“Here the message couldn’t be clearer… World War III was produced eight years into the Blair administration, a few short years after the War on Terror and the invasion of Iraq. The resolution hinges on the ‘nuclear’ codes that reside with the UN “Given our past record”. The danger, it’s suggested is this time very real with “weapons that can be deployed in 45 seconds”. Here it is England who provides convincing evidence to the UN that these weapons of mass destruction do exist. At home Jackie is glued to the TV.

“If there is any doubt, the story ends with Number 10’s complete and very real destruction after a Bond-plot ruse. Of course, there would be repercussions, hinted at the by the Doctor’s inability to remember where he has heard Harriet Jones’ name before. Her glorious destiny as the glorious architect of the golden age of Britain would prove to be a movable point of time – thanks to the Doctor’s intervention… “Oh B…” the Slitheens’ last words cut out… And Davies has managed to not only destroy Number 10 but replace the head with a character of his own choosing!”

Doctor Who was back on prime-time and back to stay. And so was Russell T Davies.

The Tenth Doctor - Doctor Who

#10 (Alpha) – Celebrity Histories – “Stepped through in either direction”

The Start of the slow path… The Running joke of the Queen who never turns up.

The Tenth Doctor seemed particularly suited to historical stories especially if they’re packed with celebrities.

When it came to the 50th anniversary Steven Moffat crafted an interlinking set of definitive Tenth and Eleventh Doctor stories. With Eleven, it was a time stomping creep-fest, replete with monsters hidden as statues and paintings. Meanwhile, the Tenth Doctor was found in the midst of an historical, atop a horse and getting himself in romantic scrapes. Of course, it felt exactly like the Tenth Doctor’s natural habitat, but more of that next time. The first half of this Whovember showed that this Doctor would rather rub shoulders with royalty than anybody else. First came the light but fun race from a Werewolf in Victorian Scotland in Series Two’s Tooth and Claw, with the Queen herself in attendance. Despite the successful resolution, it’s the Doctor’s devil-may-care attitude and a quite surprising lack of respect from the TARDIS crew in general that leads Queen Victoria to banish the Doctor and form the Torchwood Institute. As Whovember 10 (Alpha) suggested…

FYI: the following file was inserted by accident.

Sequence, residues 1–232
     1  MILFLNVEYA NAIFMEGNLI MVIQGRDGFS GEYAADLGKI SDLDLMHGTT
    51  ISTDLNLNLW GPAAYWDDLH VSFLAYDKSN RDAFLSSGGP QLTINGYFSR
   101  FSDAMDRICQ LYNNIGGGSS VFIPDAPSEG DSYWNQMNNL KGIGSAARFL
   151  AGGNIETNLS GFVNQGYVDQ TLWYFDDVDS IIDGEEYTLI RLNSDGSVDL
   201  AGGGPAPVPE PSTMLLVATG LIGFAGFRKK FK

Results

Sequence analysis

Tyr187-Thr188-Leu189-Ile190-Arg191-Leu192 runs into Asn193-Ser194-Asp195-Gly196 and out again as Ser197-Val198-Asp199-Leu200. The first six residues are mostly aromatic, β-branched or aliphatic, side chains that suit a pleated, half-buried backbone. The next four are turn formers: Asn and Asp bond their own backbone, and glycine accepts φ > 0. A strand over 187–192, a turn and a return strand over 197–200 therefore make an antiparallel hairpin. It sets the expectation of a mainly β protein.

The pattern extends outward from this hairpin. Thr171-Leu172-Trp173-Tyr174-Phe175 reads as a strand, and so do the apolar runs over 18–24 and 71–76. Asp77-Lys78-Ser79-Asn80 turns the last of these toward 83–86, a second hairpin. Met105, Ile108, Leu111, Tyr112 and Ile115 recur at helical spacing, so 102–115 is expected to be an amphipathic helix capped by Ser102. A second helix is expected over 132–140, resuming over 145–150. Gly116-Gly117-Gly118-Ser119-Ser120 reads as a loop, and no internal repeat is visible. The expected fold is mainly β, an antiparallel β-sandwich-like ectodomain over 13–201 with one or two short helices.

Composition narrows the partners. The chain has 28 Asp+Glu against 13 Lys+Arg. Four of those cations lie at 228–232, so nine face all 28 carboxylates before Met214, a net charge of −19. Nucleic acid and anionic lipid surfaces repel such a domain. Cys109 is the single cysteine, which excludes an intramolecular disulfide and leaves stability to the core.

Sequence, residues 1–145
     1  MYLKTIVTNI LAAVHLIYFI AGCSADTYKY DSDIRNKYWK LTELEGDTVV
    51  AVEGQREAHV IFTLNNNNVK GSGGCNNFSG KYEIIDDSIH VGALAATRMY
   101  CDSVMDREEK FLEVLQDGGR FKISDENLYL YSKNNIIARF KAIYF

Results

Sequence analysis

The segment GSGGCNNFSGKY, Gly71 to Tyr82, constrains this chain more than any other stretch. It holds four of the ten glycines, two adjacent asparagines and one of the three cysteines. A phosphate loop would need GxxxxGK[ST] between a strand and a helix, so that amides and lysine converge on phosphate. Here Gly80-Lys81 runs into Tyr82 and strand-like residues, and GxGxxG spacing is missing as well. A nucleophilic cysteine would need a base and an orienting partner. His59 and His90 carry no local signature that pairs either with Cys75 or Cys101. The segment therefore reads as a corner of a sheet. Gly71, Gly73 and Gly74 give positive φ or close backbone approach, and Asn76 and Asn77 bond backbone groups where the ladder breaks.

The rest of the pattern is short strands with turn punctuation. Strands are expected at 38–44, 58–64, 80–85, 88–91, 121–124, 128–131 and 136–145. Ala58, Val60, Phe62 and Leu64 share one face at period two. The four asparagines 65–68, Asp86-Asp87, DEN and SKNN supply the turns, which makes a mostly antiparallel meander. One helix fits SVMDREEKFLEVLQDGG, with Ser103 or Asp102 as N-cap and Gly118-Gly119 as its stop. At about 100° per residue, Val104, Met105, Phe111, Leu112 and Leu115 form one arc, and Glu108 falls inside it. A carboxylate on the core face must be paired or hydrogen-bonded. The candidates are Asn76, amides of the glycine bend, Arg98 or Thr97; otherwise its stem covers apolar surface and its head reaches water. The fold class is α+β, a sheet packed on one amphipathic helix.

“Victoria’s portrayal shows the Doctor as out of touch and the TARDIS crew’s conduct as unhealthy like never before. “Not my world” as the Queen says. That the Doctor really misreads the situation is an important one: For a Lord, he may hate authority figures but this is different – he’s just not good around Royals.”

It was a short jump before he found himself brushing shoulders with a famous figure from French aristocracy. Steven Moffat’s The Girl in the Fireplace remains one of New Who’s masterpieces. Elements would be referenced in episodes to come, and when it came to the Twelfth Doctor’s premiere, Moffat chose to make a direct sequel to this show. The Clockwork Droids may not be instant classics, the Doctor’s complete forgetting of the time differential doesn’t make for a wholly satisfactory ending, but this definitive episode did more than just further the Royal agenda as Whovember 10 Alpha observed:

“The idea of the Time Lord taking the slow-path is a compelling one. It helps reinforce his alien qualities, something that would be greatly explored by his successor. And while it does feel ever so slightly strange that he’s so happy to stay and catch up with his companions in so many millennia later it would prove a definitive move for this Doctor. Imagine how that could have ended – a different Doctor being introduced there and then to Rose and Mickey. You almost expect the Tenth Doctor to try to escape, or at least pop up in Rose and Mickey’s time. But then it’s Reinette who gives him the route out. Perhaps the oddest, but most crucial part is that when the solution’s found, the Doctor somehow forgets the time differential despite his imprinted biography of Reinette.